Originally posted by moerom
Ok I am going to chime in again:
Finding comparable FI and N/A engines is not exactly jusitfiable.
An N/A motor is built differently to be reliable than a F/I motor to be reliable.
I want to ask one simple question:
If forced induction was not as reliable as N/A, why would huge auto companies use F/I for their cars?
The answer is that with current technology, an F/I motor can last just as long as an N/A motor given comparable variables.
Well for one, it's cheaper and easier for the automakers to force-feed their engines than developing new engines to keep up in the ever increasing HP wars.
That being said, there are a number of things to consider in the F/I vs N/A argument.
F/I *can* be just as reliable as a N/A motor, provided it's factory built. Nearly EVERY aftermarket supercharged / turbo-charged motor is going to be under greater strain than a N/A motor, or a factory built forced air motor. The biggest reason behind this comes down to the simple engineering dollars spent on making the car reliable (for at least 100,000 km anyway) while under warranty. With a factory build F/I motor, they've looked at all the underhood cooling requirements, airflow etc, etc, and have the resources to move / relocate equipment easily to make it the best it can be. With the aftermarket it's much tougher to do this, without spending significant (often making the investment poor) $$$$.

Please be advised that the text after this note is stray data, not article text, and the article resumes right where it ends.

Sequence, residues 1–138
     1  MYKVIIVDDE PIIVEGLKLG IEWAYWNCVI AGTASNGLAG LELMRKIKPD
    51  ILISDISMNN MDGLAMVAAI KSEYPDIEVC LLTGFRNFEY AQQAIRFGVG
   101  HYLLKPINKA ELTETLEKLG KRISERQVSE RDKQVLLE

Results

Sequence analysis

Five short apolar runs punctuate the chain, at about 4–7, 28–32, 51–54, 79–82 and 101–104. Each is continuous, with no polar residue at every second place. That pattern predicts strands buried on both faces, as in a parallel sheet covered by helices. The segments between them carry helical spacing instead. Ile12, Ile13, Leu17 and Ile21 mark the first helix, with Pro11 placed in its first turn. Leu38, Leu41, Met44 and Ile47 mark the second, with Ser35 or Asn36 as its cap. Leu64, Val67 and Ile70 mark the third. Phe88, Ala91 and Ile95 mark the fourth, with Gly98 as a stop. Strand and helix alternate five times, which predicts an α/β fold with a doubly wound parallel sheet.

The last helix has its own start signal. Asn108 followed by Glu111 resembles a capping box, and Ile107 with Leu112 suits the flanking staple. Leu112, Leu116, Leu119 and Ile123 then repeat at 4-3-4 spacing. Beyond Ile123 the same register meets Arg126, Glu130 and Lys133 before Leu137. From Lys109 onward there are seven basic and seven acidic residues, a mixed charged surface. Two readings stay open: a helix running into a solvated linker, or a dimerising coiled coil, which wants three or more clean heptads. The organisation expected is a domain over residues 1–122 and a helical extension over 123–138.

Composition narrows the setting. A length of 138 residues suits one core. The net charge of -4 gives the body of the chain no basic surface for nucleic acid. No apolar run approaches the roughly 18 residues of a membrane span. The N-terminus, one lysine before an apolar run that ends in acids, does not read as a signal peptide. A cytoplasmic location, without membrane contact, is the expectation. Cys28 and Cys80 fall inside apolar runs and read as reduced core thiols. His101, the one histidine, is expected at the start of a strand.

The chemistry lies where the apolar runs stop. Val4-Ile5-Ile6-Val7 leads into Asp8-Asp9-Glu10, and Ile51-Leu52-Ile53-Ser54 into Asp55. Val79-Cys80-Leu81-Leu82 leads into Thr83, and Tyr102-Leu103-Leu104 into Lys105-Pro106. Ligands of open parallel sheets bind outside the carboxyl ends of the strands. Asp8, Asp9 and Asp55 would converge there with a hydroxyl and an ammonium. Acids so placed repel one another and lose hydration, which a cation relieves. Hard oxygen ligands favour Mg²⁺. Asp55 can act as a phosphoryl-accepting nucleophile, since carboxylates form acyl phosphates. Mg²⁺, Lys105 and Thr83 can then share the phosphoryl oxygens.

Let's also look at what the requirements for the motor are. If it's an engine that you're planning on running on the track regularly. First of all, a N/A engine provides more linear throttle response, which makes the car easier and smoother to drive, and doesn't have the overly boosted nature a F/I car does (especially mid-corner).
Also, on the track, you're spending most of your time north of 4,000 RPM, which means you're generating significantly more heat, and putting more strain on the engine overall. It's easier for a N/A motor to handle this, though a factory designed and built unit can be pretty close.
Sure, F/I can be cheap HP, and it's one of the reasons why factory's do it for themselves. It's cheaper for force-feed an existing engine than it is to build a new, more powerful engine from the ground up.
Same thing goes for aftermarket kits. Much cheaper to drop a turbo on to a 3.2L M3 engine than it is to build an engine which puts out 400+ HP N/A.
If all you want to do is rip around the streets with it, then F/I can be every bit as reliable as N/A.
On the racetrack, it's a different story.
It's best to know what your intentions are first, and go from there.